brief self-reported screening instruments (e.g., the Nutrition Screening Initiative’s DETERMINE Checklist, the Mini-Nutritional Assessment);
clinician-determined brief screening instruments (e.g., Subjective Global Assessment); and
multimethod techniques (e.g., Prognostic Nutritional Index, Hospital Prognostic Index).
Because few of these are in common usage, the topic is not reviewed in depth. However, the Nutrition Screening Initiative’s Determine Your Nutritional Health Checklist has received wide attention and has been incorporated into screening instruments in many health care settings. The Mini-Nutritional Assessment and Subjective Global Assessment have also received increased attention. Accordingly, brief descriptions and discussions of the properties of these instruments are provided.
Nutrition Screening Initiative
The Nutrition Screening Initiative (NSI), a partnership of the American Academy of Family Physicians, the American Dietetic Association, and the National Council on Aging, Inc., has developed a tiered approach to nutrition screening. The first tier consists of the Determine Your Nutritional Health Checklist. The Determine Checklist was originally devel-
oped as a tool to increase consumer’s nutrition awareness. It is a brief 10-item questionnaire that can be administered and scored by older Americans and/or their caregivers. The Determine Checklist scores range from 0 (lowest risk) to 21 (highest risk). Those found to be at risk of poor nutritional status based on the checklist are thought to need further screening.
The second tier consists of the Level I and Level II screening tools. The Level I screening tool is designed for use in any setting in which older Americans come into contact with professionals in the health care and social service system. It includes height and weight measurement (and calculated BMI), as well as questions about 10-pound weight gain or loss within the prior 6 months, eating habits, living environment, and functional status. The Level II screening tool is designed to obtain more diagnostic information in clinical settings. It includes anthropometric measurements (BMI, midarm circumference, MAMC, triceps skinfold), laboratory data (serum albumin and cholesterol), information on therapeutic drug use, and information on clinical problems that might affect eating, eating habits, living environment, functional status, and cognitive and affective status (Lipschitz et al., 1992).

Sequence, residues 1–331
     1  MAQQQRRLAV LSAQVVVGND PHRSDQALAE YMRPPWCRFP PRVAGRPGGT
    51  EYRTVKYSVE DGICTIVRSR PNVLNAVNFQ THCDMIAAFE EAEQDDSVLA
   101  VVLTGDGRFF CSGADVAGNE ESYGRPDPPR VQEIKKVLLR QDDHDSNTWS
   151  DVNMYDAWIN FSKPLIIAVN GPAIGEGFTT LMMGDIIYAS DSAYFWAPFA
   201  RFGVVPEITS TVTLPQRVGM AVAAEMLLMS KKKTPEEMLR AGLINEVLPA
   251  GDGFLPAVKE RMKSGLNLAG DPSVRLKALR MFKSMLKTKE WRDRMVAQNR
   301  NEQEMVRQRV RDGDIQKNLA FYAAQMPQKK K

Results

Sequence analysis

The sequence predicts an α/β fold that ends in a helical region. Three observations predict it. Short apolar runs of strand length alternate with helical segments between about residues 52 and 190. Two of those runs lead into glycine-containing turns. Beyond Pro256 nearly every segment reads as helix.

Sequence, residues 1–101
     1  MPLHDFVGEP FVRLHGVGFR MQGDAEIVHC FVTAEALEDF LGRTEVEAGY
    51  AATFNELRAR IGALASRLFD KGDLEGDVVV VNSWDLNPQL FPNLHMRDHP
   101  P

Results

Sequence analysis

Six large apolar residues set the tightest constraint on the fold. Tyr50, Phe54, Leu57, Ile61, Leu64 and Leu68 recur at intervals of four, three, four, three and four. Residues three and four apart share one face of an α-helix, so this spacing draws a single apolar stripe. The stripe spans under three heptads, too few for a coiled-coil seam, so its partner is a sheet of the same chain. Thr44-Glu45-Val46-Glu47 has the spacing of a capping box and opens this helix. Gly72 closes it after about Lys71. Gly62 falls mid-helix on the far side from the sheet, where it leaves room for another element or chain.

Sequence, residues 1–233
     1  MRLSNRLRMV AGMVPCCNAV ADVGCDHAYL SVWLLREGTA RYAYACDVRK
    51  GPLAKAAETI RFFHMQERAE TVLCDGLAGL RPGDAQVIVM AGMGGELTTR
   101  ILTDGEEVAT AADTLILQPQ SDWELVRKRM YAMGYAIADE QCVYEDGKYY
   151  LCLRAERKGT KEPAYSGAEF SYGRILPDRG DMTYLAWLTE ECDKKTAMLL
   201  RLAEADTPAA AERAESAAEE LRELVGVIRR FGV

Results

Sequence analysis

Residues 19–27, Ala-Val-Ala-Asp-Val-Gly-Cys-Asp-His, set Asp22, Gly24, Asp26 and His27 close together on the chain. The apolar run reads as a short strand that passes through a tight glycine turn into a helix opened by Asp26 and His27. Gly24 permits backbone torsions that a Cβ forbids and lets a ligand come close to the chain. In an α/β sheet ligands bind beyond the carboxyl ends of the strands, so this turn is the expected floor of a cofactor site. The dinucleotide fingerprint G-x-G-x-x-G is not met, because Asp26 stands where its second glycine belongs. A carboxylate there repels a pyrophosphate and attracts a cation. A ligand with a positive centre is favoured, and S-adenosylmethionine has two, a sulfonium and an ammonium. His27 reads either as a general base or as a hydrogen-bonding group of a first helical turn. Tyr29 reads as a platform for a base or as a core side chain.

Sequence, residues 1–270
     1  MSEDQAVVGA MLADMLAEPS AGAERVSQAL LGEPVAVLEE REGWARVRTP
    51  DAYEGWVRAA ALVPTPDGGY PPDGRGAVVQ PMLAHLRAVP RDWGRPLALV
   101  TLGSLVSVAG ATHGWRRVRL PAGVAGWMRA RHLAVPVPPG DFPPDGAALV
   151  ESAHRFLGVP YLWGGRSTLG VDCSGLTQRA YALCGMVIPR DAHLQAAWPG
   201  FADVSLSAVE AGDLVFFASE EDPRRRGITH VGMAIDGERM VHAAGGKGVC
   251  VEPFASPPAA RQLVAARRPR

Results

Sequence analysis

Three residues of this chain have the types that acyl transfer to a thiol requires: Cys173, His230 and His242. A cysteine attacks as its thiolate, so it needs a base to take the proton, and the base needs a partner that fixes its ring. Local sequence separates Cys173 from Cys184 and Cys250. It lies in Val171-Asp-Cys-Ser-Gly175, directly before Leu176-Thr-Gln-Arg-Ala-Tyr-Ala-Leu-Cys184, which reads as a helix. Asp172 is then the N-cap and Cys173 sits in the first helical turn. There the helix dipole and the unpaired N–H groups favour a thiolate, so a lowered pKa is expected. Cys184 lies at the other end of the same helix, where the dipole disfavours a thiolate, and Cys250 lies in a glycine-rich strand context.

A study using a stratified random sample of Medicare beneficiaries age 70 and older living in six New England states was conducted to calibrate the Determine Checklist. After reviewing the data from the study, NSI’s technical review committee selected a score of 6 as the threshold for identifying older persons at high nutritional risk. The study estimated that 24 percent of all Medicare beneficiaries would fall into this high-risk group, and it found that those at high risk were more likely to have been hospitalized overnight during the prior year (Posner et al., 1993).
Using a score of 6 as a cut point to predict inadequate nutrition, the study found that the sensitivity, specificity, and positive predictive value of the Determine Checklist were 36, 85, and 38 percent, respectively. Using the same cut point, the sensitivity, specificity, and positive predictive value for identifying perceived fair or poor health status were 46, 85, and 56 percent, respectively. When examining individual items, the strongest predictors of inadequate nutrition were “not enough money,” “eating fewer than two meals per day,” and “eating few fruits and vegetables.” The only items significantly associated with fair or poor perceived health were “taking three or more drugs per day” and “having changed one’s diet because of illness.”